What CISOs & Security Awareness teams can learn from the 2024 Verizon DBIR

Petri Kuivala, long-time CISO and CISO Advisor at Hoxhunt, has read every Verizon Data Breach Investigations Report (DBIR) going back 17 years. Get his perspective on the latest 2024 report and how it provides an opportunity for CISOs and security awareness teams.

Post hero image

Table of contents

The Verizon Data Breach Investigations Report (DBIR) is an annual report that offers an in-depth look at the largest sources of data breaches over the last year, in turn, helps security teams better understand recent attack methodologies and their potential impact on business operations.

There’s a ton of data and observations packed into each report – the 2024 edition is 100 pages long! The incidents described inside this report took place over the course of 1 calendar year, between November 1, 2022, and October 31, 2023.

I have read every copy of this report since it was launched 17 years ago. As a long-time CISO, I’ve always found it crucial to help me decide where to focus my efforts to mitigate the most risk.

Key findings of the report

As expected, the human element is still a leading factor in successful data breaches and cyber attack methodologies.

This year, DBIR says that 68% of the breaches involved a non-malicious human element, which is on par with previous years.

In its early years, DBIR was very technology-oriented, but over the last ten years or so, the human element of cybersecurity has increased dramatically.

When you look at the Figure 27 on page 29 of the report, you can see that social engineering is consistently among the top 3 reasons for breaches, oftentimes followed by miscellaneous errors.

Even the Web application attack category, which was this year's fourth but last year's 2nd, involves a huge human component. The report says on page 43 that 77% use stolen credentials, and on the next page, they disclose that phishing is the single biggest source of these stolen credentials.

In short, people are people, and the industry has not been excellent so far in helping users with behavior changes. 

The bad news

The DBIR also points out that breaches happen fast. The median time to click on a malicious link after the email is opened is 21 seconds, and then it takes only another 28 seconds to enter the data (Figure 39).

That leads to a frightening finding: The median time for users to fall for phishing emails is less than 60 seconds.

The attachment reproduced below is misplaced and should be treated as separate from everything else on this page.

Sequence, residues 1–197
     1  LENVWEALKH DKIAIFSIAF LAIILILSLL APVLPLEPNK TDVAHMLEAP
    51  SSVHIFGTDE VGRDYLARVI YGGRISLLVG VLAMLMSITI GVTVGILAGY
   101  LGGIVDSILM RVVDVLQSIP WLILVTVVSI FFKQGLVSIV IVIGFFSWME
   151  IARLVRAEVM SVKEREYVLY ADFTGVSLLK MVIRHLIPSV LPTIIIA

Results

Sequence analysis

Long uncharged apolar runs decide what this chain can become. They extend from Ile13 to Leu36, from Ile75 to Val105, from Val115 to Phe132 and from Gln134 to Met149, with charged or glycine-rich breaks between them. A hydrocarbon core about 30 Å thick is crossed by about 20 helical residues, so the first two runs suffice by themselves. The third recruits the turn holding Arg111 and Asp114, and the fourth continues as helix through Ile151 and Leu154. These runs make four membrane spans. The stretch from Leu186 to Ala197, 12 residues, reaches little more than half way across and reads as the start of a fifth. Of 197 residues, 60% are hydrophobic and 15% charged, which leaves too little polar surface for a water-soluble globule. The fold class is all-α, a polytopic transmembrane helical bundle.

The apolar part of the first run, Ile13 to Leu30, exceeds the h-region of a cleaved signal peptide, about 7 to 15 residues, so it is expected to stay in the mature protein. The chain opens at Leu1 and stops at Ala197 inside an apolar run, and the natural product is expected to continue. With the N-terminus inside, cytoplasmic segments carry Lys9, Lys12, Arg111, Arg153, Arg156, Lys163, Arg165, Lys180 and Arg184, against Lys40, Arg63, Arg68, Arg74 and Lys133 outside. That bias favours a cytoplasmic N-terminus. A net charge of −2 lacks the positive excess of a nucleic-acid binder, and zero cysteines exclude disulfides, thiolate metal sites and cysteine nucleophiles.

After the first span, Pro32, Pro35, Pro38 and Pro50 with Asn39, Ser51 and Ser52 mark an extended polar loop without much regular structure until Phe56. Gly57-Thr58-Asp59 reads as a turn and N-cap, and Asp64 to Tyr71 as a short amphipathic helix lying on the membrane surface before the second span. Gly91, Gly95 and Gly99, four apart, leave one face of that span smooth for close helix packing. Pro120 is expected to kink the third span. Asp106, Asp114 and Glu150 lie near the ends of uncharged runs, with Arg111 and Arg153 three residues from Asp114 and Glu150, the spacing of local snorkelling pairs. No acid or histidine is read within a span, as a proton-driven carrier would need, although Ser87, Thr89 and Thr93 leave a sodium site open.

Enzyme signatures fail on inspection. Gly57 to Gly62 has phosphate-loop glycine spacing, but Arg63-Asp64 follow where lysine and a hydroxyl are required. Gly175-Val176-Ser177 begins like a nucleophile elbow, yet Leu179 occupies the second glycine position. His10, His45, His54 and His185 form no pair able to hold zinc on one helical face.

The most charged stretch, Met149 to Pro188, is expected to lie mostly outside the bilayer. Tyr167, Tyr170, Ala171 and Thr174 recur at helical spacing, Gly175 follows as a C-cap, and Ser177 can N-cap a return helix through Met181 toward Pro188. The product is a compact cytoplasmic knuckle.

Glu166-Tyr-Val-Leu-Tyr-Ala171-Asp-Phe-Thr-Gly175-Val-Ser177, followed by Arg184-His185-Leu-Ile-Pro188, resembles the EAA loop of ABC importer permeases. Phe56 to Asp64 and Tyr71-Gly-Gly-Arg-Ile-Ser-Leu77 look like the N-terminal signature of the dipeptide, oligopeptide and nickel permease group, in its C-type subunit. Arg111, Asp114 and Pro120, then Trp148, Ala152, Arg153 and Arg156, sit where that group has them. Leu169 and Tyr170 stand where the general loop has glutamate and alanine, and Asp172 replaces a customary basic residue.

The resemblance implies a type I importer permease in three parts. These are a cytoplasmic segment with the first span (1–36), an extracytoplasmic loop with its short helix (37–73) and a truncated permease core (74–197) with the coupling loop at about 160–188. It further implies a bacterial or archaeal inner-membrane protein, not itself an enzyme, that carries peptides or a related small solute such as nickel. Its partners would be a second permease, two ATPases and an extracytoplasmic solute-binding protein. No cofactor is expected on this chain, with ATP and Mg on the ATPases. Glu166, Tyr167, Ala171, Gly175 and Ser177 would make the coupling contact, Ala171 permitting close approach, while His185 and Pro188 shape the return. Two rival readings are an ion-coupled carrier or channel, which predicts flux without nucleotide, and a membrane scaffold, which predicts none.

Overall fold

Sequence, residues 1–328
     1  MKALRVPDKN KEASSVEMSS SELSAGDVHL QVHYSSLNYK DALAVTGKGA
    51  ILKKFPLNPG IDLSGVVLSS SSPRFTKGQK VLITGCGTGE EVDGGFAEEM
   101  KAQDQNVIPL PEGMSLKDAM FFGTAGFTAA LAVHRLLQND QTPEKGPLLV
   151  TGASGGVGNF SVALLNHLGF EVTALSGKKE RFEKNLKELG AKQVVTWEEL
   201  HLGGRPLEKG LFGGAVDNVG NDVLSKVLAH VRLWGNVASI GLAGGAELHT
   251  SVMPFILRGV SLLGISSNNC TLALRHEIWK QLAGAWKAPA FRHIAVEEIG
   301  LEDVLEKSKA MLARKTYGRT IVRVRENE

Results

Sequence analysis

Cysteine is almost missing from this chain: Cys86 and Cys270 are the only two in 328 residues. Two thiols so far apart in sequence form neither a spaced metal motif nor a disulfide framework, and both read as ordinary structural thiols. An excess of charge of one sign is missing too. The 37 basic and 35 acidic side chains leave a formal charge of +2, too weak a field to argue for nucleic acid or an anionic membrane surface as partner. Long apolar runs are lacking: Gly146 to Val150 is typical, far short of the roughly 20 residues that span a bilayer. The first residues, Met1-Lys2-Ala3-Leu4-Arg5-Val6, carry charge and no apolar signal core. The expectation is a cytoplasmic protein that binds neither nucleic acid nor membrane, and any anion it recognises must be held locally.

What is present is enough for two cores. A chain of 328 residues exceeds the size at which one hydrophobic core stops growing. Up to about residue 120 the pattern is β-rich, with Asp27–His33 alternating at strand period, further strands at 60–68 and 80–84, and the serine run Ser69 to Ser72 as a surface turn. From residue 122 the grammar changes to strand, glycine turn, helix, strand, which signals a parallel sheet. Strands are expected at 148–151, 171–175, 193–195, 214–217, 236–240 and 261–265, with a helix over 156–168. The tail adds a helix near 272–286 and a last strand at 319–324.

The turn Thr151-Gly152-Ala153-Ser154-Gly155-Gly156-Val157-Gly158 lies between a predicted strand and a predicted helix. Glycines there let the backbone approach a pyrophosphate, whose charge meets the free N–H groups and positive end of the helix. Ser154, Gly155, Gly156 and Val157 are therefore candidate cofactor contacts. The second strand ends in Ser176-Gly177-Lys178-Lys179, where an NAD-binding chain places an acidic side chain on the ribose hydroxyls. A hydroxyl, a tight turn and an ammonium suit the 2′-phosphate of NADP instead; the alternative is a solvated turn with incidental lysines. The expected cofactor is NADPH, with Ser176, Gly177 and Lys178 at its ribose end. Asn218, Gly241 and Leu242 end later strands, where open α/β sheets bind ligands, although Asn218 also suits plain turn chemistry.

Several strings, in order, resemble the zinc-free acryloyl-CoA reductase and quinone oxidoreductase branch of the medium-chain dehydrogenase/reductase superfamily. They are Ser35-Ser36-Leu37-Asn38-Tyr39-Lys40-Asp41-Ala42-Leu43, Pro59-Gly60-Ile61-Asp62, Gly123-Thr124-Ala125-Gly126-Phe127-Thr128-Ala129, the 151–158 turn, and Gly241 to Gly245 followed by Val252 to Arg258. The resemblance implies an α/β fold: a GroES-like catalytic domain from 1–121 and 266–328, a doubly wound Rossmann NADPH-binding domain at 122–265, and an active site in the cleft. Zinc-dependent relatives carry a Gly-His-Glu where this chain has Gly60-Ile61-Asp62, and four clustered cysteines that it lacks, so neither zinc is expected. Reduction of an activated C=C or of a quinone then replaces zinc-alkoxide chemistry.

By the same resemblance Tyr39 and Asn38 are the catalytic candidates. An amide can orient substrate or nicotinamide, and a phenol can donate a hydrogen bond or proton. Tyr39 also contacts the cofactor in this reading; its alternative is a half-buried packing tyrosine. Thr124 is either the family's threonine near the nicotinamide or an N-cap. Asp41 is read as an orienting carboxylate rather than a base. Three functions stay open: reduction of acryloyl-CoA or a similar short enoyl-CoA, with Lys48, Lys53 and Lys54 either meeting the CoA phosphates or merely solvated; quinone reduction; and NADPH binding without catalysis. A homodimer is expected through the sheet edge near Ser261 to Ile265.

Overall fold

The good news

However, the report did point out that Phishing reporting rates have been increasing over time.

In security awareness exercise data contributed by partners during 2023, 20% of users reported phishing in simulation engagements, and 11% of the users who clicked the email also reported.

It’s, of course, great to see that phishing reporting rates are increasing over time. However, it concerns me to see that the average is still only around 20% of the organization reporting. I consider 50% or higher to be an acceptable threshold, which demonstrates that a company has created enough of a positive cybersecurity culture that training efforts actually makes an impact on real risk reduction.

Reporting is the way that I, as a CISO, can definitively measure whether or not my employees are able to identify threats and are performing the desired action of reporting. Without reporting, I am blind to the true risk that employee-based cyberattacks pose to the business.

At Hoxhunt, we see organizations who use our training do roughly 3 times better after just 1 year of consistent, personalized training. Over more time, that percentage move seven higher.

Key takeaways for security awareness teams

In conclusion, this report is just one of many source of data that CISOs should be using to inform their strategy to cybersecurity and human risk mitigation.

If anything surprises you from the report, ask yourself (honestly) if your current security program is such that it’s prepared for all of the changes in the report.

If a new trend is emerging – whether that be increasing popularity of a specific social engineering tactic or a new way to steal credentials – you’ll want to be ahead of it and prepare your workforce accordingly.

Access the full report from Verizon's website.

Want to learn more?
Get more cybersecurity insights like this